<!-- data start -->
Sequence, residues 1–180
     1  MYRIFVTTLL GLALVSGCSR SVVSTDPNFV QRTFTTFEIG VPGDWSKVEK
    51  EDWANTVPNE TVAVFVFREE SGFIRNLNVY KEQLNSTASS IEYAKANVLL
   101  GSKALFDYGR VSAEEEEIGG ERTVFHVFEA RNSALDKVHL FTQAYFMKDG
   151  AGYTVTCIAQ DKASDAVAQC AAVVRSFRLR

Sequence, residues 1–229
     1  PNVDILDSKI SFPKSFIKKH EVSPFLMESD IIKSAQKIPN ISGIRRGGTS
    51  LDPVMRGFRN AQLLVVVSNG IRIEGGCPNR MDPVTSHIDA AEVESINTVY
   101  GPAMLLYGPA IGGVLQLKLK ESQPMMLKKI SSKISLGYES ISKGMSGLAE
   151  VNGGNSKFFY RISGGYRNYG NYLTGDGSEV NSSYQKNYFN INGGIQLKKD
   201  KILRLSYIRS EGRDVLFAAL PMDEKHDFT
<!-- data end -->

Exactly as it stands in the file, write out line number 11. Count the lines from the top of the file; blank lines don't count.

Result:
   201  KILRLSYIRS EGRDVLFAAL PMDEKHDFT